• Strontium chloride hexahydrate 10%: Reduces the discomfort and pain caused by thermal and tactile stimuli in patients with dentinal hypersensitivity. Strontium works by exchanging calcium for strontium in biological processes. Strontium also impairs nerve stimulation by changing stimulus transmission. These treatments reduce flow into the dentin tubules by occluding or sclerosing the tubules. 

Note: If there is no relief after brushing twice daily for 2 or 3 weeks, a visit to the dentist is recommended.


DENTAL FLOSS

We all have that spool of “nylon yarn” in our bathrooms. Some of us use it a lot more than others. Dental floss was formerly made of silk, but is presently made of nylon filaments or single strand plastic monofilaments. Flossing helps remove plaque by reaching areas that a brush cannot reach. By removing debris from these hard-to-reach tooth surfaces we may see a reduction in the likelihood of gum disease and tooth decay. Look for the American Dental Association Seal of Approval before purchasing dental floss.

 

To earn the ADA Seal of Approval…  

  • Flossing + tooth brushing is more effective than brushing alone at reducing plaque and gingivitis. Assessments must occur at baseline and 30 days to prove efficacy.
  • The product components are safe for use in the mouth.
  • Unsupervised use of the product by the average patient will not harm hard or soft oral tissues or restorations
  • Tensile strength: high tenacity “nylon yarn” is best because: 
  • Abrasion resistance of nylon occurs drawn over rough surfaces.
  • Elasticity of nylon is greater, allowing it to pass through close places and over rough surfaces with less filament breakage.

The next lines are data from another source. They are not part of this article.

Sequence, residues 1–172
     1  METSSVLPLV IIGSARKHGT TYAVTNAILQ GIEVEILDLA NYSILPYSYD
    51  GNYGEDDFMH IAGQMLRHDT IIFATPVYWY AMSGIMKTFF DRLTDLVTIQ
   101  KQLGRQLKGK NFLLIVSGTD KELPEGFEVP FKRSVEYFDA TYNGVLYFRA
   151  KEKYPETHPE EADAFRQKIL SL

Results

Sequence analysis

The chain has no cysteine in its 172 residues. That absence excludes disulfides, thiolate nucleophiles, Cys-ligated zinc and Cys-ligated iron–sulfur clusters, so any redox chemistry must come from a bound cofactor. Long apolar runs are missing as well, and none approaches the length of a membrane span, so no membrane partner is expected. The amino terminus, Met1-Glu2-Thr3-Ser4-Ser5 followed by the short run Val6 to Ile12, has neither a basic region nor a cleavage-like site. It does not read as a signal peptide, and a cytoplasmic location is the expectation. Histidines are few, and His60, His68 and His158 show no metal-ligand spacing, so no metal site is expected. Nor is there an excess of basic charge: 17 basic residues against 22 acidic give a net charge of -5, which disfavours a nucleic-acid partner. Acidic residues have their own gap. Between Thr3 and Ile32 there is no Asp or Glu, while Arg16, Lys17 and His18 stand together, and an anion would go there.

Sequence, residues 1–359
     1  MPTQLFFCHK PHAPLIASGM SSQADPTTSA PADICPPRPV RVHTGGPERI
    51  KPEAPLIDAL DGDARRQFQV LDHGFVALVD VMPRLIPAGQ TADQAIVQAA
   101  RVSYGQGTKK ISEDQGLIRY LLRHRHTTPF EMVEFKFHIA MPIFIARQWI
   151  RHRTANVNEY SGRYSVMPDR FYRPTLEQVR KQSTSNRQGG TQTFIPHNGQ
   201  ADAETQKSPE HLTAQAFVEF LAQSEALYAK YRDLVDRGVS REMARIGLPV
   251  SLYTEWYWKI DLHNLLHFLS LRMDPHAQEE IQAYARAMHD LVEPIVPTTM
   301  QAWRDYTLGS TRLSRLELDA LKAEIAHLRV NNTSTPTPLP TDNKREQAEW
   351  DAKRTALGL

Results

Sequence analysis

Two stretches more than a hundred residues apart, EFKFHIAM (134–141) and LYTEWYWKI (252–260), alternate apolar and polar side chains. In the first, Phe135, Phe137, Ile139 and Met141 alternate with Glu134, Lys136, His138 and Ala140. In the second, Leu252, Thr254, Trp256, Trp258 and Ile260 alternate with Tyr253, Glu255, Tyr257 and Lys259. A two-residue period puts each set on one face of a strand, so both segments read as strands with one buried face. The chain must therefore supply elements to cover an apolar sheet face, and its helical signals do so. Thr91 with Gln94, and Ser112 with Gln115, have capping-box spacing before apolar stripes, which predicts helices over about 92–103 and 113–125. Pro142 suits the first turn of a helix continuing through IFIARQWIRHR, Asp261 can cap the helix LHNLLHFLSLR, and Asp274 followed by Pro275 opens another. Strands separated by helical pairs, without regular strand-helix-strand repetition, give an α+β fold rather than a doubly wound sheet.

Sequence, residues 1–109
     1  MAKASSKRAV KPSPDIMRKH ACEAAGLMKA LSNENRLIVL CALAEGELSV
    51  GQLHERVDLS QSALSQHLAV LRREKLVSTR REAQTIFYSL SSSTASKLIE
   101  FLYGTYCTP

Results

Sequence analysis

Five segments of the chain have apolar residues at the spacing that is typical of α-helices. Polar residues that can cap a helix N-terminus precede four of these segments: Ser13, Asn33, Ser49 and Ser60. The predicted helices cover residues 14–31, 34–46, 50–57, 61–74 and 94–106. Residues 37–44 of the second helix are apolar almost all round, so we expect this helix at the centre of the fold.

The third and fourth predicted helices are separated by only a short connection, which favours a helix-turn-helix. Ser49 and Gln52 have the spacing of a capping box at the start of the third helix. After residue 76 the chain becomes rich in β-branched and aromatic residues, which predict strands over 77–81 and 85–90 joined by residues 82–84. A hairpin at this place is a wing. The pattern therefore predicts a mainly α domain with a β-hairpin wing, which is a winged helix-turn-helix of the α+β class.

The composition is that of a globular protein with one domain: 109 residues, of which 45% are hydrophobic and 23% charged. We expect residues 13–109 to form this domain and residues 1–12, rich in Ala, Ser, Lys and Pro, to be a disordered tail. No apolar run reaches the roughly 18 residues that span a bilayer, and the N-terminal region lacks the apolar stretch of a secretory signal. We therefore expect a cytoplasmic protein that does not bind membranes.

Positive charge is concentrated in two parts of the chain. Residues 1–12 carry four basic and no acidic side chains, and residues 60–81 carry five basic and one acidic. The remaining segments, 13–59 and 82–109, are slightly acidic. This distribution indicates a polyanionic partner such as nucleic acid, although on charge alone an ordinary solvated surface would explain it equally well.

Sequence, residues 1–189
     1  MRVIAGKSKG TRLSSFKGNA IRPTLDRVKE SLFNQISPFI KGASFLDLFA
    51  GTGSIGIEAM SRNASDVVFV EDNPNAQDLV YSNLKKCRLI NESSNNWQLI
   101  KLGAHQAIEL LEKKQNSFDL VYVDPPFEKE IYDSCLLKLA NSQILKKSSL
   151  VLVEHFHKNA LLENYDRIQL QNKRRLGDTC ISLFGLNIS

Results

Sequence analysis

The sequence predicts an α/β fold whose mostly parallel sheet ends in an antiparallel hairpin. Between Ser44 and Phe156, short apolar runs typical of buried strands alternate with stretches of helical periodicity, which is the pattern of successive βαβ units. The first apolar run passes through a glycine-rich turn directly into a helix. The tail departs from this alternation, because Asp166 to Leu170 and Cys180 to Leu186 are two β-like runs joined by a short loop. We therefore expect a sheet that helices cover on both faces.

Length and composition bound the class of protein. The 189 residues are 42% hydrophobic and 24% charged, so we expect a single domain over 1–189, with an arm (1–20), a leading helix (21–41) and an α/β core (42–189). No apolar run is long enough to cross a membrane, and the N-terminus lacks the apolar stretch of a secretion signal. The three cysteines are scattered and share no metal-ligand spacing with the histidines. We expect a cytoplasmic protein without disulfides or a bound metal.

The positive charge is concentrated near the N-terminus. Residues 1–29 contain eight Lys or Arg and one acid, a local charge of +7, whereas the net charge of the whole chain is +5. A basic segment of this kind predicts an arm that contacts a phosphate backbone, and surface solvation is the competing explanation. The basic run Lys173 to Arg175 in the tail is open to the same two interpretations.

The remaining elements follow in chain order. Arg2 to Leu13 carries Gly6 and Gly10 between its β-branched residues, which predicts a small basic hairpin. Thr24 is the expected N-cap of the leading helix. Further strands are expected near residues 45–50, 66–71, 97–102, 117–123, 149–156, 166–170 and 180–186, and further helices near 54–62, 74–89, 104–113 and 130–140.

• Both Reach® (J&J) and Oral-B ® dental floss are ADA approved

 

What floss should I buy:

Simply stated it is the patient’s choice based on preference (ex. waxed or unwaxed, flavored or not flavored)

  • Large gaps between teeth: Try dental tape or Super Floss ®, or JJ Reach® woven floss.
  • Tight spaces: recommend a waxed floss or Oral-B Glide®
  • Less mess: disposable flossers or floss in pre-measured strands
  • Braces or bridges: A spongy floss is preferred
  • However, any floss is OK with dental appliances
  • Floss threader may be beneficial as well  

 

Is Flossing Worth the Effort? Flossing Controversy: August 2, 2016- New York Times

“There is some evidence from twelve studies that flossing in addition to toothbrushing reduces gingivitis compared to toothbrushing alone. There is weak, very unreliable evidence from 10 studies that flossing plus toothbrushing may be associated with a small reduction in plaque at 1 and 3 months. No studies reported the effectiveness of flossing plus toothbrushing for preventing dental caries.”

  • ADA response: In this case, while the average benefit is small and the quality of the evidence is very low (meaning the true average benefit could be higher or lower), given that periodontal disease is estimated to affect half of all Americans, even a small benefit may be helpful.  The other side of the benefit-risk analysis is an absence of documented harm and minimal cost to patients.
  • The Association also released a statement in response to the news story, reiterating its recommendations to maintain oral health, which include “brushing for two minutes, twice a day with a fluoride toothpaste, cleaning between teeth once a day with an interdental cleaner and regular dental visit advised by your dentist.” The ADA also stated that interdental cleaners, including floss, “are an essential part of taking care of your teeth and gums.”
  • There is reliable data correlating periodontal disease and heart disease.  I have yet to find a dentist that has told their patients there is no need to floss.  Keep flossing… even when you are not eating corn-on the cob!
  • Periodontitis- Alzheimer’s link? Porphyromonas gingivalis is a key player in periodontal disease. During normal activities like chewing or toothbrushing, the bacteria can be easily introduced to the bloodstream. Toxic proteases from the bacterium called gingipains were also identified in the brain of Alzheimer’s patients, and levels correlated with tau and ubiquitin pathology. A study published in 2020 by The Journal of Alzheimer’s Disease Reports states that P.gingivalis DNA was found in the saliva and cerebrospinal fluid of individuals with Alzheimer’s disease. (https://pubmed.ncbi.nlm.nih.gov/30746447/)

How To Treat sensitive Teeth & Dental Floss